The outgoing week brought news that prices have gone up 7 percent in Estonia in the last year. ERR journalist Kai Vare compared prices in Tallinn and Helsinki and learned that Estonian prices have caught up to their northern counterparts.
The days when Finnish tourists came shopping for meat and cheese in Tallinn are over. It also no longer makes sense for Estonians commuting to work in Finland to bring food with them. Some everyday foodstuffs are already more expensive in Estonia than in Finland.
I looked at prices in a Maxima supermarket in Estonia and a Finnish Lidl. For example, a liter of milk costs 69 cents in Finland and 79 cents in Estonia.
A kilogram of butter costs around €6 euros in Finland and around €9 in Estonia. Two kilos of wheat flour goes for 79 cents in Finland and €1.29 in Estonia.
Cheap cheese cost €4.39 per kilo in Finland, while I could not find cheese for that little in Estonia – even brands that were on sale cost over €5 per kilo. The flour and cheese I included in my comparison in Finland were both Estonian-made.
Therefore, milk, eggs, butter, flour and cheese are cheaper in Finland than in Estonia.
However, vegetables cost more in Finland. A kilo of unpacked tomatoes went for €2.79 in Finland and €1.29 in Estonia. The difference is less for potatoes, with a kilo costing 59 cents in Finland and 45 cents in Estonia.
Chicken filet costs a little under €9 per kilo in both countries.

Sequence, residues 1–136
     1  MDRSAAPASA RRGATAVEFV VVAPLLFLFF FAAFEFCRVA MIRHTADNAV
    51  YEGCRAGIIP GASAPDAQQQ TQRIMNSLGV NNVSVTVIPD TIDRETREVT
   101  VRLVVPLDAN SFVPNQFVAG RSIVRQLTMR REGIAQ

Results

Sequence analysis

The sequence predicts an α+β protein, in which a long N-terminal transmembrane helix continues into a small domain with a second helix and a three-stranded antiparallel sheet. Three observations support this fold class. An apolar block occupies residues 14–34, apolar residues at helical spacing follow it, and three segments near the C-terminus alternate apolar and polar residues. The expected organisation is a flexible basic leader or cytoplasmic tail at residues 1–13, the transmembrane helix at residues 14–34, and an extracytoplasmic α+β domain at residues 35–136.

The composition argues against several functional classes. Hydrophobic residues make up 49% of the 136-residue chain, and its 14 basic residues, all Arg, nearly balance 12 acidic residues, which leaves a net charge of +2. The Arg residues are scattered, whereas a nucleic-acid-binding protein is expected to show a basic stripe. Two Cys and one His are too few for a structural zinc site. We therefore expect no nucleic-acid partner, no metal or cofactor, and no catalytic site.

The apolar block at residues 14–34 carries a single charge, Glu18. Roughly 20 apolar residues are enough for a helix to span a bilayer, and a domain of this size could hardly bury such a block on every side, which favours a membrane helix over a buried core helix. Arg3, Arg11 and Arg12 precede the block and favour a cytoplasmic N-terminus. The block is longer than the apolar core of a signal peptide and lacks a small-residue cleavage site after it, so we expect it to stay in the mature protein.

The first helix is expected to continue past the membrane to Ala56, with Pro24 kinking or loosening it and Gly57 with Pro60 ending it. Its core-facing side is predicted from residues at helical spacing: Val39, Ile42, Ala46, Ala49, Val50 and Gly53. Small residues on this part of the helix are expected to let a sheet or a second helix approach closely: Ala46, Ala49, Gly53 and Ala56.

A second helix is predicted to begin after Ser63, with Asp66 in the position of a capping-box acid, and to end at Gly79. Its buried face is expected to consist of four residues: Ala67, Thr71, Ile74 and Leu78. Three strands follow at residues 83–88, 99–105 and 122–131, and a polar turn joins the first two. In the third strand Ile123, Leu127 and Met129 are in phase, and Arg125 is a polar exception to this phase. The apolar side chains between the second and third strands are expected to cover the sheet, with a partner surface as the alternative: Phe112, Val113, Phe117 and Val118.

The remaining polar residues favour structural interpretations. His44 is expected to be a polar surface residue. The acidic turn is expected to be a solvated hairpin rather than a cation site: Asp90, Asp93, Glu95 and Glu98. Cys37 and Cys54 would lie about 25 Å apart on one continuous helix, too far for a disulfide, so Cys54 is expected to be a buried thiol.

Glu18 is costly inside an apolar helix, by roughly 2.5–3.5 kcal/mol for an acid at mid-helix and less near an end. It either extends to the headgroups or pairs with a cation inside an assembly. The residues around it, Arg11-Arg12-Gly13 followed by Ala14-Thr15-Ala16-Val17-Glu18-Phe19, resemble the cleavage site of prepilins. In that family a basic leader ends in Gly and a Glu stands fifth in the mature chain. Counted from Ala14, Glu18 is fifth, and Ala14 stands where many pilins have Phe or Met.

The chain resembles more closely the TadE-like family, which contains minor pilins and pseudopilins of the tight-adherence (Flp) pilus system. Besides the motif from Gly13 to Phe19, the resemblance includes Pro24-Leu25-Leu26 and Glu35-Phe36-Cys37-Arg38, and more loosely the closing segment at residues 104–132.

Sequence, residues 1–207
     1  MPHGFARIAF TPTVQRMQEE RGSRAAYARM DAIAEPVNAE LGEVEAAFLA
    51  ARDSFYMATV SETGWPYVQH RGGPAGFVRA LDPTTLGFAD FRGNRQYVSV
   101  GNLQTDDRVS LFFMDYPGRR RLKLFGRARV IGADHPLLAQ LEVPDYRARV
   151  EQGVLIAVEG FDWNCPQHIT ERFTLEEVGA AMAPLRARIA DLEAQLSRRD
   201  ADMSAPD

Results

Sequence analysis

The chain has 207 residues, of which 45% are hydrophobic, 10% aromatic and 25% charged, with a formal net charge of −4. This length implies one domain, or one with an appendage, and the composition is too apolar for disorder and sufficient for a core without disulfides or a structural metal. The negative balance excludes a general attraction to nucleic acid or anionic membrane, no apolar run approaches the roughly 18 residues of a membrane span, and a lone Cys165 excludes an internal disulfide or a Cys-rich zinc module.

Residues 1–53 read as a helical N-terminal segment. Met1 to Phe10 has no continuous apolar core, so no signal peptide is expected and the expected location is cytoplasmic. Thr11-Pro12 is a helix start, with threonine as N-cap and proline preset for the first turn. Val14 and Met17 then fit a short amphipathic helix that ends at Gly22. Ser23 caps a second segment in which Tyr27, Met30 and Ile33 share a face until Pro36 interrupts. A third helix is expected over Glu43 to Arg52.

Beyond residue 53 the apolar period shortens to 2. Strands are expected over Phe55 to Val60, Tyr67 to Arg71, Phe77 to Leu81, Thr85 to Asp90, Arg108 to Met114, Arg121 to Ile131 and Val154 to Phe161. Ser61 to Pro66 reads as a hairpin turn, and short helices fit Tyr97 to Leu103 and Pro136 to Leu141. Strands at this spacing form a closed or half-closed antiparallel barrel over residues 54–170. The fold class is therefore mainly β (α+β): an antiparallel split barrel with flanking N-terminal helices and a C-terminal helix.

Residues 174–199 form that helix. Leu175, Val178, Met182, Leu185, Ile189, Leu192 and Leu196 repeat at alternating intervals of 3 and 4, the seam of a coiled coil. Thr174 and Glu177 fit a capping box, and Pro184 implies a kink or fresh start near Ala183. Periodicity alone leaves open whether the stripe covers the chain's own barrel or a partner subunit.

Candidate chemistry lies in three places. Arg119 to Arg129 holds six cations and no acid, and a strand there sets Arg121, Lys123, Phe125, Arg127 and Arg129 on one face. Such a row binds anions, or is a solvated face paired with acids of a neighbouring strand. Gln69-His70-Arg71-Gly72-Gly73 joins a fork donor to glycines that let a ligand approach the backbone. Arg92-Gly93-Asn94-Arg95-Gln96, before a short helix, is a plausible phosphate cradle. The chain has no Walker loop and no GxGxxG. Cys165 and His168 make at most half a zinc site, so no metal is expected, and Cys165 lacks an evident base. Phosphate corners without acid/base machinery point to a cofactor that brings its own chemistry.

Ham and cheese are sold in larger packages in Finland, which probably has an effect on prices.
While alcohol is hardly a daily foodstuff, its price in Finland has always interested Estonians. The price difference has also shrunk in this area. A bottle of wine costs almost the same in Finland as it does in Estonia, while strong alcohol, beer and cider are still more costly across the gulf. Half a liter of A. Le Coq Aleksander beer costs a little over €1 in Estonia but €3 in Finland.
The list is far from complete, while it is a clear indicator that Estonian prices have caught up to Finnish ones.
It is still notably more expensive to rent real estate in Finland, at least in and around the capital, while Finland also has more generous housing benefits.
Motor fuel costs around 20 cents per liter more in Finland than Estonia.
It is difficult to compare the salary level because of different tax systems. The average salary before taxes is around €1,600 in Estonia and €3,500 in Finland.
Lidl opened its first Latvian stores this week, which brought news of a price war. Lidl has been active in Finland since 2002. A lot of brands offered by the German chain were new to the Finns and did not inspire trust at first. The chain lured customers with cheap beer that was unheard of in Finland. It took roughly a decade for the Finns to warm up to the company. Lidl currently has around 10 percent of the Finnish market.
Major Finnish supermarket chains K-Group and S-Group have survived and consider a wide selection as their forte. Lidl is still emphasizing its low prices, while data from the Pellervo Economic Research Institute suggests price differences are increasingly minute. The price of food has also gone up in Finland.
Norwegian chain Oda will be the next major entry to the Finnish market. Oda is an online grocery store. Buying groceries online is only taking baby steps in Finland, and it is to be believed that the Norwegians will deliver a shock as serious as Lidl was back in the day.
Editor: Marcus Turovski